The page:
Distinguished Professor of Philosophy
Albert and Vera List Academic Center
Jay Bernstein is Distinguished Professor of Philosophy at the New School for Social Research.
Philosophy, for me, means interrogating the foundations of our life together, how we make sense of the world, and how we fail. Philosophy profiles the human as upright and as failing, as knowing and as blinded, as world-making and as suffering, as flourishing and as dying; and how those competing images are bound together in our morals, politics, art, and ordinary life.
Concentrations: Social and political philosophy; contemporary Continental thought; critical theory; aesthetics; modernism; German idealism and romanticism; Anglo-American philosophy; pragmatism.
PhD 1975, University of Edinburgh
Torture and Dignity: An Essay on Moral Injury (University of Chicago, 2015)
Against Voluptuous Bodies: Adorno’s Late Modernism and the Meaning of Painting (Stanford, 2007)
Classical and Romantic German Aesthetics, editor (Cambridge, 2002)
Adorno: Disenchantment and Ethics (Cambridge, 2002)
Recovering Ethical Life: Jürgen Habermas and the Future of Critical Theory (Routledge, 1995)
The Fate of Art: Aesthetic Alienation from Kant to Derrida and Adorno (Polity, 1992)
Selected Articles and Book Chapters
"Remembering Isaac: on the Impossibility and Immporality of Faith," in Paul Kottman (ed.), The Insistence of Art: Aesthetic Philosophy after Early Modernity (Fordham, 2017)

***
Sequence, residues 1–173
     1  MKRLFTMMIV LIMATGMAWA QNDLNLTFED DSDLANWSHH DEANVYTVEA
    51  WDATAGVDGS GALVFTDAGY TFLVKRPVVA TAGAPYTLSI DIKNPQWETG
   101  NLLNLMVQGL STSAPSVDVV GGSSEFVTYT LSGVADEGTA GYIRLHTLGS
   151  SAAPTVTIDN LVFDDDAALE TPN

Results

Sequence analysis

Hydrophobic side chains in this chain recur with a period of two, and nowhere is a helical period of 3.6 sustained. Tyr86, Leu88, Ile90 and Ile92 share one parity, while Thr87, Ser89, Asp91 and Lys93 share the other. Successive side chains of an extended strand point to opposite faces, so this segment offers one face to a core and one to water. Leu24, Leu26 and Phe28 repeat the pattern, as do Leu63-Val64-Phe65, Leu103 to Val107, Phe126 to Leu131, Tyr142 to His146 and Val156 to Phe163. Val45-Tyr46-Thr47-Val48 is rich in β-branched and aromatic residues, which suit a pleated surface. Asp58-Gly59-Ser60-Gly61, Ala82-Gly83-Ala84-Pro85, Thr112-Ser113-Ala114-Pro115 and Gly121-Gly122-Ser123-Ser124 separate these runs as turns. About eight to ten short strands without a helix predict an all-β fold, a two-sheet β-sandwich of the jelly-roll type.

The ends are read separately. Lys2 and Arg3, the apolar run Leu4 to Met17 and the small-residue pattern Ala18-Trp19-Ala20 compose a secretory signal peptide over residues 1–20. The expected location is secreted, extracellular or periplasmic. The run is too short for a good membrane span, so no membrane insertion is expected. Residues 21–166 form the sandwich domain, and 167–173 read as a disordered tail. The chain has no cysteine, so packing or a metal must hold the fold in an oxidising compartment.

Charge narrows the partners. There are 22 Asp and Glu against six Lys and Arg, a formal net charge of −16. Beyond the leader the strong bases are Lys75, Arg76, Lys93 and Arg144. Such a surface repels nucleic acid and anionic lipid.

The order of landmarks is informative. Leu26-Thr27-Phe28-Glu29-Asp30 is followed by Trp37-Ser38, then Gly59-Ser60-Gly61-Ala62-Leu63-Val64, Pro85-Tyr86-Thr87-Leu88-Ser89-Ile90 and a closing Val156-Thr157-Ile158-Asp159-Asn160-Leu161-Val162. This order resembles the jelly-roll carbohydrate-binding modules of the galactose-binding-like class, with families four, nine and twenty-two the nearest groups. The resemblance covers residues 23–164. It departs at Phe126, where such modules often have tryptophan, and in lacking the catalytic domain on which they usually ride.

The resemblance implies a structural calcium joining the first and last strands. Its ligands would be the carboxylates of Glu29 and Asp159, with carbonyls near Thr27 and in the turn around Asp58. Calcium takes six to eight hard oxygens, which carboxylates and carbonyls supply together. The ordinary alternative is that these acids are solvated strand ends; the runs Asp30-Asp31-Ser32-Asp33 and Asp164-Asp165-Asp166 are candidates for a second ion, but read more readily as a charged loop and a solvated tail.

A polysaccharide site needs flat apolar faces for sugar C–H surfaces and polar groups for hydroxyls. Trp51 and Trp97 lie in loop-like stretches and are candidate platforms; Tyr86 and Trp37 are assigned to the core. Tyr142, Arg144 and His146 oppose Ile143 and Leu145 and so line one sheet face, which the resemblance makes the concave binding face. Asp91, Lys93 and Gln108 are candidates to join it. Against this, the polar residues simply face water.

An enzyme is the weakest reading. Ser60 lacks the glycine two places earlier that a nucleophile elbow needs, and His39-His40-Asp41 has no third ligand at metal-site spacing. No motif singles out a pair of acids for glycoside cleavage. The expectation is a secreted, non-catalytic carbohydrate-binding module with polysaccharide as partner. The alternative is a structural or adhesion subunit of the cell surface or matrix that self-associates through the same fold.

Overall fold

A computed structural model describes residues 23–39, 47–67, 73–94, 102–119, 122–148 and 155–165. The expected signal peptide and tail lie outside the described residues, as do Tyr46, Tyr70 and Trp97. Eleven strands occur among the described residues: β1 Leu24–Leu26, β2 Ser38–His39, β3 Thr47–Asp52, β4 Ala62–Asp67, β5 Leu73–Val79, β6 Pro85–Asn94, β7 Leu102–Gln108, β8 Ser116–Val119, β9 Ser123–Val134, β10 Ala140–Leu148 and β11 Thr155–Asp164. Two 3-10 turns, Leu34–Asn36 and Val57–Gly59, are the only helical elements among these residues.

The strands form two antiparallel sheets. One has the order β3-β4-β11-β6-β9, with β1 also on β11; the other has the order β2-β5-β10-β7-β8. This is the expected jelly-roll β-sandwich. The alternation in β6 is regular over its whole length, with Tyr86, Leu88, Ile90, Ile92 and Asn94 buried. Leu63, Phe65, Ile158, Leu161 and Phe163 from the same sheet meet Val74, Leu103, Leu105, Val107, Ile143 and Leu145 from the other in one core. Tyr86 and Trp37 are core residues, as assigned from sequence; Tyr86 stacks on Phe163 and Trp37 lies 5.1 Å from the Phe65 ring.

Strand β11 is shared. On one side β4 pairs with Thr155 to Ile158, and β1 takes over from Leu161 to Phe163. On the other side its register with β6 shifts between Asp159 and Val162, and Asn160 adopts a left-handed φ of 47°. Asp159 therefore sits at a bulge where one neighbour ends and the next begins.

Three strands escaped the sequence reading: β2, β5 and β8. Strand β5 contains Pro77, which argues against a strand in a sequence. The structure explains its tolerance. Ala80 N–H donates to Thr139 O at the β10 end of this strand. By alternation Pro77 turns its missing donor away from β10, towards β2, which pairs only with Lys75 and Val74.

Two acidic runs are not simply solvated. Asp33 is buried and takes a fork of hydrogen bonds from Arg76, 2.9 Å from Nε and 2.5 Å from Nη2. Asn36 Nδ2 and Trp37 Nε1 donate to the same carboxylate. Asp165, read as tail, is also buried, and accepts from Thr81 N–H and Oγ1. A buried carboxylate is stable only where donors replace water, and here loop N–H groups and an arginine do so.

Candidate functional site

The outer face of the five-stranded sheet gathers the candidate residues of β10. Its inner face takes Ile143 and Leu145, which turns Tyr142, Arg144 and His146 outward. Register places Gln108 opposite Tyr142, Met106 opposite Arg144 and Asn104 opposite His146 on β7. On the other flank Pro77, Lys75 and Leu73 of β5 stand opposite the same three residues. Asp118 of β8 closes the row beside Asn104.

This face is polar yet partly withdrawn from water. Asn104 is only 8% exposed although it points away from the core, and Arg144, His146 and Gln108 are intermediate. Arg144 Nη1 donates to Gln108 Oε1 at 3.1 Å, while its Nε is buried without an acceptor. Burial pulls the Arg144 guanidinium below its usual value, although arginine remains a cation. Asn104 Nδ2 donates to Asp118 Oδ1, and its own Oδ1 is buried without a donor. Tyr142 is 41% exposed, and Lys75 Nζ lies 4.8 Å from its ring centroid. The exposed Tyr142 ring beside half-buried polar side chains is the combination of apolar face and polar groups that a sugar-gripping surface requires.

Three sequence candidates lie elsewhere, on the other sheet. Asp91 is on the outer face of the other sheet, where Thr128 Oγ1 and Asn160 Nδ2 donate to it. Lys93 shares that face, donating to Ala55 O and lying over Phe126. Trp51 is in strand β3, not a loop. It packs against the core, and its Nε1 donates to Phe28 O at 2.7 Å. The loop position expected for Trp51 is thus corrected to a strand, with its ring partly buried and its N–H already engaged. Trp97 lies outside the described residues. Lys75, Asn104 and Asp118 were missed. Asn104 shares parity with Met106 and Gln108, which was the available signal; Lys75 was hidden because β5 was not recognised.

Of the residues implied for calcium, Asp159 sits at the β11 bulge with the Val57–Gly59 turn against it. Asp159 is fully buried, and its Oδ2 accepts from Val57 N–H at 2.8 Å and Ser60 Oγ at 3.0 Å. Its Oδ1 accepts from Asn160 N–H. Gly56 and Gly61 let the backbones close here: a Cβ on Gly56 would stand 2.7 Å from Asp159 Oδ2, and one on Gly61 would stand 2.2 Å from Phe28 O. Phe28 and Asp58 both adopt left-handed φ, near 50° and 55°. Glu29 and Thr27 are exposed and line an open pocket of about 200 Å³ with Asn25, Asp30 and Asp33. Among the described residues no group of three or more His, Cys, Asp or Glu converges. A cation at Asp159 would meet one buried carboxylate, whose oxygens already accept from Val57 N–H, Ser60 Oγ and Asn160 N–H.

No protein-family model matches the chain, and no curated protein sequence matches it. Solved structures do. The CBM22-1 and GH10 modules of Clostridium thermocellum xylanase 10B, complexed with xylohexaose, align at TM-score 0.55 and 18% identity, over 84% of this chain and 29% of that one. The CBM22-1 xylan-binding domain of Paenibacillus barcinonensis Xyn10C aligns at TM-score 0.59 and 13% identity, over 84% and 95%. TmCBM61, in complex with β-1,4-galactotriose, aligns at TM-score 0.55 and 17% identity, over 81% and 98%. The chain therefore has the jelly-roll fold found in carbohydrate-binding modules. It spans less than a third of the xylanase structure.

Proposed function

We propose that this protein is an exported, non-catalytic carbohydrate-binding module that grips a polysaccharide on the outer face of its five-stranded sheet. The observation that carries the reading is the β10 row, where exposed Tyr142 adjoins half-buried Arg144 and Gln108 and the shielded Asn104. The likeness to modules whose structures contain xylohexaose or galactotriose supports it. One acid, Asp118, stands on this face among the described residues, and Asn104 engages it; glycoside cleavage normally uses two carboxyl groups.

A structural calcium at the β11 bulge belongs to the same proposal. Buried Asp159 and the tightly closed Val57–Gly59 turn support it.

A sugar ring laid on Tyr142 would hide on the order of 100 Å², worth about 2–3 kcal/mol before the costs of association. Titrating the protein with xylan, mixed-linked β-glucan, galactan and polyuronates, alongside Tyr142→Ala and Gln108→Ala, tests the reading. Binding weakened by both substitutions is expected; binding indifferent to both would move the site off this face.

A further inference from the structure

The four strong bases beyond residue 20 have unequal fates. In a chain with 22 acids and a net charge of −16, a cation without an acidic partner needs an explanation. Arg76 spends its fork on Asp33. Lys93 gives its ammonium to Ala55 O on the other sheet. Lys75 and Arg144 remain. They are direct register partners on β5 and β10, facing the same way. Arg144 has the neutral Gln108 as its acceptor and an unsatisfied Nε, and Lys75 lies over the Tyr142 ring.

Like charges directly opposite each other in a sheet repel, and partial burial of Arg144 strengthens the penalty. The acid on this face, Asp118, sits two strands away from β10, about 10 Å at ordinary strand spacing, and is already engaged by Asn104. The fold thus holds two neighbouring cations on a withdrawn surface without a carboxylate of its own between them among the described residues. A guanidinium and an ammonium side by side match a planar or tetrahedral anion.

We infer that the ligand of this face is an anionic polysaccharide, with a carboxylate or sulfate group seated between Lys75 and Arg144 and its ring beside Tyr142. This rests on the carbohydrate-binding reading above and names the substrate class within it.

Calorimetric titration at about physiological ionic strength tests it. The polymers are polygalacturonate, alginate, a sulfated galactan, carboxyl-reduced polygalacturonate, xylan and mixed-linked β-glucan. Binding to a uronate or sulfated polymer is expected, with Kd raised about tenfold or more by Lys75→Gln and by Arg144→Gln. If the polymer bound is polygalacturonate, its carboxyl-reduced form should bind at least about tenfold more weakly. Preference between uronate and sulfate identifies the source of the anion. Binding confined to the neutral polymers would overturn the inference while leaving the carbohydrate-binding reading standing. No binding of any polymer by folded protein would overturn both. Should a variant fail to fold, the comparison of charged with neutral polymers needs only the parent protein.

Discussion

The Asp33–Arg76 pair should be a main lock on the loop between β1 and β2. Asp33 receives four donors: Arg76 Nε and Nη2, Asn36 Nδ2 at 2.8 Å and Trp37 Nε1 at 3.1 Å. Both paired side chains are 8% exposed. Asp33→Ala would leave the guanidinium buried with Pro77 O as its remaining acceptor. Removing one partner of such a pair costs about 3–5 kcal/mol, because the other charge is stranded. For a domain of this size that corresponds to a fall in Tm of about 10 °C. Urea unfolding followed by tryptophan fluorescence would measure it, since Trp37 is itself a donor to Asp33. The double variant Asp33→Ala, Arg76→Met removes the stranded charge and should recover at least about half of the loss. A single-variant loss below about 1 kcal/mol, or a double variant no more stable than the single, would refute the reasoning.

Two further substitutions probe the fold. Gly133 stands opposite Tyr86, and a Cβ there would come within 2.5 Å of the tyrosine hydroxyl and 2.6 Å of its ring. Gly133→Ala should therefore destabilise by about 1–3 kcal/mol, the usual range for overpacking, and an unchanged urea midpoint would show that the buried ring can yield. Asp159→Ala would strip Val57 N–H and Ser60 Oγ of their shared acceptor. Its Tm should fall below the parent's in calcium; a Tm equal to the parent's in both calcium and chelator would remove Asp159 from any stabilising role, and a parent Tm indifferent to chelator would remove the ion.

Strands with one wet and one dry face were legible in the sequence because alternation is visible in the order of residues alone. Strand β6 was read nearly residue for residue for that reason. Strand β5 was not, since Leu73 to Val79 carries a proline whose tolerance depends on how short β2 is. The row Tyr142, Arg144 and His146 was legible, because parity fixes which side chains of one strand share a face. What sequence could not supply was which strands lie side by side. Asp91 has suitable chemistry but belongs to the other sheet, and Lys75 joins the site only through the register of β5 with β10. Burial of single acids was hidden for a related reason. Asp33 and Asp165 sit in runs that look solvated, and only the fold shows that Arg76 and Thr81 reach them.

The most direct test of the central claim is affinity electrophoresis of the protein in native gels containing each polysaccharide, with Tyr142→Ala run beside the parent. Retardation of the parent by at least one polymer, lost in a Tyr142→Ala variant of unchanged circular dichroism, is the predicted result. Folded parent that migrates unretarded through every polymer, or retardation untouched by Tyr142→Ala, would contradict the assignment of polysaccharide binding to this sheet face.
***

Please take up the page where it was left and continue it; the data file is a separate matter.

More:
"'Our amphibian problem': nature in history in Adorno's Hegelian Critique of Hegel," in Rachel Zuckert and James Kreines (ed.), Hegel on Philosophy in History (Cambridge, 2016)
“Amery’s Devastation and Resentment: An Ethnographic Transcendental Deduction,” Tijdschrift voor Filosofie (2014)
"Blind Intuitions: Modernism's Critique of Idealism," British Journal of the History of Philosophy (web: January 2015; print: December 2014)
“'The Demand for Ugliness’: Picasso’s Bodies,” in J.M. Bernstein, et. Al., Art and Aesthetics After Adorno (Fordham, 2013)
"Forgetting Isaac: Faith and the Impossibility of a Postsecular Society,” in Craig Calhoun, Eduardo Mendietta, Jonathan VanAntwerpen (eds.) Habermas and Religion (Polity, 2013)
“’the celestial Antigone, the most resplendent figure ever to have appeared on earth’: Hegel’s Feminism,” in Fanny Soderbäck (ed.), Feminist Readings of Antigone (SUNY, 2010)
“Confession and Forgiveness: Hegel’s Poetics of Action,” in R. Eldridge (ed.), Beyond Representation (Cambridge, 1996)
Ethical modernism and political atrocity, modernism in art and philosophy, idealism and embodiment.
Kant's Critique of Judgment
Philosophy of Crime&Punis
Ind Senior Project